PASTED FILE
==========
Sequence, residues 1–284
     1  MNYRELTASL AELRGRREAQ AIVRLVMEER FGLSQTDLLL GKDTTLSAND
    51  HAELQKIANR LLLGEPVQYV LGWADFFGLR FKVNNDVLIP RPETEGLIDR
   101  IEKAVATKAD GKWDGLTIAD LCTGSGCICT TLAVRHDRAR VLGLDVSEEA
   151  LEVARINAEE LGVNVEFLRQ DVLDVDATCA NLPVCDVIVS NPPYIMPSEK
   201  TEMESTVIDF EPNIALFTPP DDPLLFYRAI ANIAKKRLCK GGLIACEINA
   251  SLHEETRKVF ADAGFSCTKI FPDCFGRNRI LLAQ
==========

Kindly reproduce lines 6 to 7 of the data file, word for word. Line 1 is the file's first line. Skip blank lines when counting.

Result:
   201  TEMESTVIDF EPNIALFTPP DDPLLFYRAI ANIAKKRLCK GGLIACEINA
   251  SLHEETRKVF ADAGFSCTKI FPDCFGRNRI LLAQ